They are so-called Helix-Loop-Helix proteins, "master-regulating" proteins.
      Successful cell differentiation requires the presence of both master-regulating and super-regulating proteins.

      (2 votes)
  • aqualine ultimate style avatar for user meldiggy21
    Isn't the cell at a heart cell?
    (3 votes)
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  • blobby green style avatar for user siddh.p.bamb
    What effect do transcription factors have on differentiation?
    (3 votes)
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    • female robot grace style avatar for user tyersome
      Transcription factors are involved in the control of most processes in cells — this includes differentiation.

      Since there are thousands of transcriptions factors (e.g. more than a 1600 transcriptions factors in the human genome) it isn't possible to say the effect of "transcriptions factors" as a class on differentiation — they have many roles.

      One example, the proteins encoded by HOX genes are transcription factors — they help control development by influencing the transcription of other genes that are involved in segmentation of animal bodies.
      (See for example this wikipedia article:
      (1 vote)
  • male robot donald style avatar for user cktang88
    At , what happens if multiple groups of cells try to induce the same group of cells to do different things?
    (2 votes)
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Video transcript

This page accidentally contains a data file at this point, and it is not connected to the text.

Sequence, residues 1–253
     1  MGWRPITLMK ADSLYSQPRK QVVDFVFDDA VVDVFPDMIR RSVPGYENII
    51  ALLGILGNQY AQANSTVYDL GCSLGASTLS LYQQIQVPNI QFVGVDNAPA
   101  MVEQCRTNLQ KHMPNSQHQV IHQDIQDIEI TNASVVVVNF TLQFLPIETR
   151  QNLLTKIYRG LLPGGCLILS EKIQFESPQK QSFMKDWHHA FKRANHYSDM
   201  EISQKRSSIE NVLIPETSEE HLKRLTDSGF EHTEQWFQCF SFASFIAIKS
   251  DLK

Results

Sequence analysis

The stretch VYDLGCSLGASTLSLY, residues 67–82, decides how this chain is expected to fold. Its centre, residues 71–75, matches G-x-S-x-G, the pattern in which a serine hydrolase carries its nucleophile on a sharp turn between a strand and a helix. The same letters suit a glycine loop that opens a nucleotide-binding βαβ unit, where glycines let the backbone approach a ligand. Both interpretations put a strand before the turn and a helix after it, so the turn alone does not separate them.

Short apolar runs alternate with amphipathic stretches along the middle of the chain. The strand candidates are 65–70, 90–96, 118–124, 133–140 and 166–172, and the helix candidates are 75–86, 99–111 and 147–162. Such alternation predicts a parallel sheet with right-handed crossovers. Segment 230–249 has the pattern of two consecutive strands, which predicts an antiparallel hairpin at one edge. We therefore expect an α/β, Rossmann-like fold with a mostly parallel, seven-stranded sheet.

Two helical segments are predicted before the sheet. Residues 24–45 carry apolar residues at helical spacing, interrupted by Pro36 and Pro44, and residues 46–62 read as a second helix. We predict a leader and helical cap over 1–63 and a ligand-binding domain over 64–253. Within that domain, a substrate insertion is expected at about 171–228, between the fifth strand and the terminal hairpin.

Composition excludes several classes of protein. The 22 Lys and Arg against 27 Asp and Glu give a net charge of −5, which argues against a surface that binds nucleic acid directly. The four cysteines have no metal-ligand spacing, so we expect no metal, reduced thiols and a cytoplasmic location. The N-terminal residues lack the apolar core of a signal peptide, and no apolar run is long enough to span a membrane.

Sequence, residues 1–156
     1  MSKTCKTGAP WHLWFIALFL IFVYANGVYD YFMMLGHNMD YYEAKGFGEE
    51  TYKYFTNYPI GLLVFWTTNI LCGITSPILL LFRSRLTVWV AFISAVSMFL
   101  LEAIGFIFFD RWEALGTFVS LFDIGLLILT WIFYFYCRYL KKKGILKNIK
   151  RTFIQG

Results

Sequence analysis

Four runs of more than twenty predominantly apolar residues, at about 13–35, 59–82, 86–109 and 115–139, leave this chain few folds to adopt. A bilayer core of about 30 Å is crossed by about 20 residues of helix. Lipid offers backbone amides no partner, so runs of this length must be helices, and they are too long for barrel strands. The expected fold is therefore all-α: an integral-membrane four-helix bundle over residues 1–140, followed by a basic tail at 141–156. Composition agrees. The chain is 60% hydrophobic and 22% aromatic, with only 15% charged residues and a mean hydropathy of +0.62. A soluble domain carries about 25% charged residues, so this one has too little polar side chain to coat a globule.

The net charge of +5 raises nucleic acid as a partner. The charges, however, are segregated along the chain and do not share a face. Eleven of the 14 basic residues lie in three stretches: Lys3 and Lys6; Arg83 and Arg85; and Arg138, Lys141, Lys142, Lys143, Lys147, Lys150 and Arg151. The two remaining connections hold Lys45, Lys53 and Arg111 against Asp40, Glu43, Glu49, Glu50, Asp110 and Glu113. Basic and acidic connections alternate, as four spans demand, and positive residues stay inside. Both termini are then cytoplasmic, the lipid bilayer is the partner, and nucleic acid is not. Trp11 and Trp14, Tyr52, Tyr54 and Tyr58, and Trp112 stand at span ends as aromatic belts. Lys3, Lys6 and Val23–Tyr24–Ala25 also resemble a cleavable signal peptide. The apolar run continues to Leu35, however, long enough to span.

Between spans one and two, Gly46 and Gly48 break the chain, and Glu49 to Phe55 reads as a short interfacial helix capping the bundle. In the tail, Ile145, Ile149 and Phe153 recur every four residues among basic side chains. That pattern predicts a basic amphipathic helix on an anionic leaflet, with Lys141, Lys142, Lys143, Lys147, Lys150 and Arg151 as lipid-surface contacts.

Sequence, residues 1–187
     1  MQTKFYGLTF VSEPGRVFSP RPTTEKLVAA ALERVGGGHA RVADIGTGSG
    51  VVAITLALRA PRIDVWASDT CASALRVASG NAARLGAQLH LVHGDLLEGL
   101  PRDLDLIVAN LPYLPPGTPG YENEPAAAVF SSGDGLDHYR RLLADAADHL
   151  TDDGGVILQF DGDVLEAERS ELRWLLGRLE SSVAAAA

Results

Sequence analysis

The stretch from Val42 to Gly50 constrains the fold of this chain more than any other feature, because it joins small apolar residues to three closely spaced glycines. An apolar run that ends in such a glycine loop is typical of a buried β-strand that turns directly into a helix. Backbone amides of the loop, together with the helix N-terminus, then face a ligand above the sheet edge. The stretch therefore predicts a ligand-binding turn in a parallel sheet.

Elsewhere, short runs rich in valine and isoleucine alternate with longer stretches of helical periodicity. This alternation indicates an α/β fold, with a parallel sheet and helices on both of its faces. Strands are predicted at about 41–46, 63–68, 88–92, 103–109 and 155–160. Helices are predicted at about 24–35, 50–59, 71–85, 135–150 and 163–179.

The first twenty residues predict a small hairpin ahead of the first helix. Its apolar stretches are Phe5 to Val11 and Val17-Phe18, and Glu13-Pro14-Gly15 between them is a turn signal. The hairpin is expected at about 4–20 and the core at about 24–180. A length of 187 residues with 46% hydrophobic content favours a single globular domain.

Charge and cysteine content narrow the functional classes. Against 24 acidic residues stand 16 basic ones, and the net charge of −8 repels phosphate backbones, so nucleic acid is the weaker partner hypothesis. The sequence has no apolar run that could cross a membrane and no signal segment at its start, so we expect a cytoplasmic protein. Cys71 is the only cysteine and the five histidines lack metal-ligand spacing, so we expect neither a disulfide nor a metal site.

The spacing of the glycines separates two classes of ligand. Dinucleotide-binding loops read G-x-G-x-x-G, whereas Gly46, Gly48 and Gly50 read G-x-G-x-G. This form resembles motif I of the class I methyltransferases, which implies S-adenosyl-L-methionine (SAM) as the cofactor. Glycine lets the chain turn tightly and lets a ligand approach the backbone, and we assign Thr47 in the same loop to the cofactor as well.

- [Voiceover] You've probably heard of stem cells by now. You probably know that every cell in our body, whether it's a muscle cell or a nerve cell or a skin cell or a red blood cell, or any other type of cell really, they all came from a common group of stem cells during development. All of these really, really specialized cells like this muscle cell here with its little contractile proteins, and this nerve cell here that can send signals, and this waterproof skin cell here, and this red blood cell that carries our oxygen, all of these came from these stem cells up here, which were completely unspecialized. How does something like this happen? It's actually pretty interesting. Let me first give you an analogy here. Just imagine a library, right, like the one you used to go to when you were a teenager or something like that, and the one that you hopefully still go to. It has all the books you can imagine, right, but depending on which books you borrow and which books you read, you are changed. You end up knowing a totally different subset of stuff compared to someone who read different books than you, right? But all the books that you both read are still in this one library. There's actually a really similar system with our genes and with our DNA. Recall that inside the nucleus of each cell is your DNA. This is our library, this is our set of genetic instructions for building our entire body. Within our DNA library here we have our books, which are segments of our DNA that we call genes. Genes give our cells specific instructions on how to make different kinds of proteins. Having different proteins around, that changes the way our cells look and it changes the way our cells act so it gives our cells really different abilities. What I mean with the exception of the red blood cells which lack nucleii, every single somatic cell in your body contains the exact same DNA. Yet this muscle cell here, right, it looks and it acts differently to this neuron here. That's because they're each reading different books in our DNA library. They're using different genes to make their proteins. Just a bit of terminology here, when a cell is actively using certain genes, it's said to be expressing those genes. A gene being expressed is said to be turned on, and one not being expressed is turned off, so just keep that in mind. Why am I telling you all of this? Because in the end it all relates to how our stem cells all the way up here end up differentiating into our specialized cells down here. The bottom line is in order to differentiate to, for example, specialize into our muscle cell here, this stem cell up here turned on its muscle cell genes. Here's its DNA and I'm highlighting its muscle cell genes that it turned on right now. It also turned off some other genes. By turning on its muscle cell genes, now proteins get made within the cell that changes how the cell looks. See now it's a bit elongated, right, this muscle cell here. It also changes its functions. Now our muscle cell has contractile proteins in it to help it be a nice useful muscle cell to help us move around, right? Now our neuron here, our stem cell turned on its become-a-neuron genes here, right? It turned off some other ones, and then the cell started producing all the proteins it needed to turn into a neuron. Like the proteins that would make it elongate like this and grow out these little spiky things up here called dendrites, okay? Let me also say that remember our stem cell up here was pluripotent. It could turn into any of our somatic adult body cells. But once it's specialized into these mature cell types, these can't go on to differentiate into other cells. They actually can't de-differentiate either. They can't go backwards up to stem cells naturally, at least in us humans. So these cells stick around to form our bodies. By now you must be wondering what determines what genes in the given cell are turned on or off? In other words, how the heck does this cell know it's time to specialize into a different cell type? It turns out that cells decide what they're going to grow up to be based on cues they get. These cues can be from their internal environment or their cues can come from their external environment, their outside environment. Let me just show you two major ways this can happen here, these cues. In the development of lots of different organisms, us humans included, we start out with one cell, right, the zygote. Our zygote has these little proteins called transcription factors floating around in its cytoplasm. Also the precursors of these transcription factors are there too, little bits of MRNA. Two things to note. First, transcription factors will activate certain genes and turn them on. That's what transcription factors do. Second, notice that all these little transcription factors are clustered around in one area. This is important because when the zygote starts to divide, where do all these transcription factors end up? Like you see here, they only end up in the cells that divided off in that original region where they all were clustered around, right? So these cells up here don't have any or don't have much, and these cells down here have a whole heap of transcription factors. Now you can imagine that different genes will get activated in these different cells. That'll determine what each of these cells specializes into because now they're gonna make different proteins. This mechanism here is pretty appropriately called asymmetric segregation of cellular determinants. It's this big mouthful here but if we break it down here, you can see asymmetric because it really just refers to how these transcription factors are not symmetrically distributed among the daughter cells here. This cellular determinants bit is just referring to the transcription factors or their precursors. That's one way that cells can be made to specialize into different things, just having different transcription factors around. But the second way to specialization that I'll mention is called inductive signaling or just induction. Induction is kind of like really strong encouragement, almost like peer pressure, where one cell or actually usually a group of cells can induce another group of cells to differentiate by just using some signals. The signals could be passed a few different ways so they could be passed by diffusion. They could be released from one group and just diffused over to the other group where they'll bind receptors on the other groups and cause the cells over there to differentiate. Or the induction could be done by direct contact between cells, right? You can see these little surface proteins on each of these cells binding each other. That's direct contact. Or you could have signals passed through gap junctions, which are little connections, or actually I should say connexons between cells that are connected and that could induce the cell to specialize, this cell over here. I called this a connexon because in cellular biology, these proteins that make up part of a gap junction are collectively called a connexon. Anyway, induction is absolutely key in forming lots of our body parts, like our limbs are formed by partially through induction. Our ears and our eyes and lots more of our body parts are formed through induction in development, in embryological development. So induction is really important in cell specialization. On that note, I'll just remind you remember the goal here with the cytoplasmic determinants, those transcription factors I talked about earlier and then all these signals that you get in induction, remember the goal is to get cells to change their gene expression, right? To flick on or flick off certain genes, which ultimately is what causes cells to differentiate into other more specialized cells.